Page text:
Wonder What Senator Rich Tarrant Would Have Said (Now With Intensely Satisfying, Folds Like a Cheap Suit Late Update!)
Full props to Bernie, for keeping an eagle eye out for creeping historical revisionism, which is all around us as Bush heads for the exits. The caption beneath Bush’s portrait in the Smithsonian, newly hung, currently makes mention of “the attacks on September 11, 2001, that led to wars in Afghanistan and Iraq.” Bernie’s take? “The notion . . . that 9/11 and Iraq were linked, or that one ‘led to’ the other, has been widely and authoritatively debunked.” And Bernie calls in a snarky way for the caption to be substantially rewritten, which is pretty much all VDB asks of our Senators, really.
The portrait in question
Intensely Satisfying Late Update, Tuesday, 9:20 am:
Rarely does VDB get this much satisfaction this fast: the Smithsonian has already responded to Bernie’s letter, and it’s fair to say that they’ve folded like a cheap suit. A very polite cheap suit, but still. Sanders’s office received the following letter under the official Smithsonian seal:
Office of the Director
January 12, 2009
The Honorable Bernard Sanders
332 Dirksen Senate Office Building
United States Senate
Washington, DC 20510
Dear Senator Sanders:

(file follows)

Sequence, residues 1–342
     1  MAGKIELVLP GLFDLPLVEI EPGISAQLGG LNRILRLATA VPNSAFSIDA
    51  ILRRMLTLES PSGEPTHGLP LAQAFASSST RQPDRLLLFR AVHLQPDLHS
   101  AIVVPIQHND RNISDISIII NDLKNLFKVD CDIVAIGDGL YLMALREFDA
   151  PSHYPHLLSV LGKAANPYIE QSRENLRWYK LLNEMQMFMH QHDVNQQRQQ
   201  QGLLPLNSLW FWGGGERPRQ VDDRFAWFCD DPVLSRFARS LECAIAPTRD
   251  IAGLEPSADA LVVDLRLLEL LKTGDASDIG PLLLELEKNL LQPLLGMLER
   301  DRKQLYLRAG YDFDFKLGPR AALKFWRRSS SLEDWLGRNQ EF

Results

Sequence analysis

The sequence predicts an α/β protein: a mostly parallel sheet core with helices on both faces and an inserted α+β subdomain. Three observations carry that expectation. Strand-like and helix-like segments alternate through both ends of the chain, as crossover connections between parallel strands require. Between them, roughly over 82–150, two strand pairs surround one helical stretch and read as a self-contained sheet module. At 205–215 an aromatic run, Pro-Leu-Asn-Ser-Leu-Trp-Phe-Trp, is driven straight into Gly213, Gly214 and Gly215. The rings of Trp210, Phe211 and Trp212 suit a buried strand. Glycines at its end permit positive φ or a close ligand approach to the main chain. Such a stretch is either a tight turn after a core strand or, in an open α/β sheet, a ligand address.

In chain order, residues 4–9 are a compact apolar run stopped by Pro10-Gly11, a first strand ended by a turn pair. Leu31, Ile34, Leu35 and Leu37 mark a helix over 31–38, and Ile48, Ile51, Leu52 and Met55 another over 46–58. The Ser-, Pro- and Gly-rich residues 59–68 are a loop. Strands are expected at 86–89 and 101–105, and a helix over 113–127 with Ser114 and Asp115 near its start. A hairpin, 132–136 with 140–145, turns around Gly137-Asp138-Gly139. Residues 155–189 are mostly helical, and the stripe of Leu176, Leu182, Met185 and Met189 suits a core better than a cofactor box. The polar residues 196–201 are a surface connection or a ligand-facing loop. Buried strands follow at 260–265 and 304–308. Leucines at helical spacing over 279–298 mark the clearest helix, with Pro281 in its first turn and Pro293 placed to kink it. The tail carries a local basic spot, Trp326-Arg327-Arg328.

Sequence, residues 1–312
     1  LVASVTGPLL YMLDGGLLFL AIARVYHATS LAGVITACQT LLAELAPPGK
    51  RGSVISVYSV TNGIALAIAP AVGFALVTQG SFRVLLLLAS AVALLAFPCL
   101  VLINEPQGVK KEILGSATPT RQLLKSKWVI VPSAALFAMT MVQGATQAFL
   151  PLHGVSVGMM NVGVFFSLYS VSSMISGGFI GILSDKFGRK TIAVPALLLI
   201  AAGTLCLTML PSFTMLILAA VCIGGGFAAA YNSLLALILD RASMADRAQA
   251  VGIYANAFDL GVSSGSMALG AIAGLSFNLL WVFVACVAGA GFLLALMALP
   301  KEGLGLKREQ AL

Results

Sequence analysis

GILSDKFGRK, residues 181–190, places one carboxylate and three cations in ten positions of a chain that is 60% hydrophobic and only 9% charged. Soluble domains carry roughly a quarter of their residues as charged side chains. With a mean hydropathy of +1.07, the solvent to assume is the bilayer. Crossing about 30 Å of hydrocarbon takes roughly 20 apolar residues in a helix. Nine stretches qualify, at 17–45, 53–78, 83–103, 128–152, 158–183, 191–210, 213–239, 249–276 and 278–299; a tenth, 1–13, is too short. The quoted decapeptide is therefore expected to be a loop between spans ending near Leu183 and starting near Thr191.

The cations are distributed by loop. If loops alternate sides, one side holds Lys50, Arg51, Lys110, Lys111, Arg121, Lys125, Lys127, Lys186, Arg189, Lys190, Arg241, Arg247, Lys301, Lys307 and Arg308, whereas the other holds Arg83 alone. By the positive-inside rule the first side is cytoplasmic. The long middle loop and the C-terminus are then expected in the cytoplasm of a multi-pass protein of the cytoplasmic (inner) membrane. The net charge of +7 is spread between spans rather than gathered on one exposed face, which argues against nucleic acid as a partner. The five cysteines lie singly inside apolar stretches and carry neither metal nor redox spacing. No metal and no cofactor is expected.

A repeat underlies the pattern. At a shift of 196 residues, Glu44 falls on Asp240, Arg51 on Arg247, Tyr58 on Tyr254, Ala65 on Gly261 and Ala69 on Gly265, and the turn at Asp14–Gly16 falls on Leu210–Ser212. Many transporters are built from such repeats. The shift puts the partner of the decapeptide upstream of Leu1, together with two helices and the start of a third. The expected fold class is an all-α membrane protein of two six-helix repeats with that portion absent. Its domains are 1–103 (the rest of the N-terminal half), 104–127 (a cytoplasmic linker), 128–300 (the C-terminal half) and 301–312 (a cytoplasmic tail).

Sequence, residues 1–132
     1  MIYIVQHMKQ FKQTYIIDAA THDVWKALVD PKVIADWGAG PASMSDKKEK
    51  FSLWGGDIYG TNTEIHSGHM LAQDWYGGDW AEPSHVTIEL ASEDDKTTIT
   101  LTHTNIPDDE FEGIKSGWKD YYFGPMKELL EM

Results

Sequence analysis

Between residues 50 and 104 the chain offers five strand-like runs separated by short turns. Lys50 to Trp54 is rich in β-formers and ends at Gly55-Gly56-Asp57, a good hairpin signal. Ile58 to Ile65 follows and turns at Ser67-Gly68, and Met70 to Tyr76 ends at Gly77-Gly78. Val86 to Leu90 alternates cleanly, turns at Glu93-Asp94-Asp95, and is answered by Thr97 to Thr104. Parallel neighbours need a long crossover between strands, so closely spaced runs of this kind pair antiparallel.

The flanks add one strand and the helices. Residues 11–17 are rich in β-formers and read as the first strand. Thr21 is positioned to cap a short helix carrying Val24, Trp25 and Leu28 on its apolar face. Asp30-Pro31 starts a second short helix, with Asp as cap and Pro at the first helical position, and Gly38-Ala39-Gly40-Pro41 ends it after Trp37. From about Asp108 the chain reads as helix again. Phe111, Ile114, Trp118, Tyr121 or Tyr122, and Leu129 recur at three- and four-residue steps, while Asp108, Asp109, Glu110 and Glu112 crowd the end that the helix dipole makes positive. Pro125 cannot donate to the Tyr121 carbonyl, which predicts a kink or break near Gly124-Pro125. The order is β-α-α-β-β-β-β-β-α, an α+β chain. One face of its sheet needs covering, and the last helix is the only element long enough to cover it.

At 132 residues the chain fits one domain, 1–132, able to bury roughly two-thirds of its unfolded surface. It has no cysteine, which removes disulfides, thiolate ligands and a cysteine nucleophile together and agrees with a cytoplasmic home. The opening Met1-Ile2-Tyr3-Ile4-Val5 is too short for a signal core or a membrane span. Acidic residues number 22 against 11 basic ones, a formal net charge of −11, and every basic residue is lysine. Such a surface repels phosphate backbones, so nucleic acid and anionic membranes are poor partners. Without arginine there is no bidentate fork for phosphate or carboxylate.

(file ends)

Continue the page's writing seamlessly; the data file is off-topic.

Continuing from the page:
Thank you for your letter of January 7, 2009, regarding the label which accompanies the National Portrait Gallery’s recently acquired portrait of President George W. Bush.
Our label was not intended to imply that there was a causal connection between the attacks that occurred on 9/11 and the subsequent U.S. invasion of Iraq. Our intention was to remind viewers of the portrait that the listed events were defining episodes in the Bush presidency, within the limited space of an object label. I appreciate your concern, however, about the words “led to.” We will revise the label and delete the words “led to.” I would welcome the opportunity to escort you on a personal tour of the National Portrait Gallery, and will call your office in hopes that we can arrange that.
Thank you for your interest in the Smithsonian Institution.
Martin. E. Sullivan
National Portrait Gallery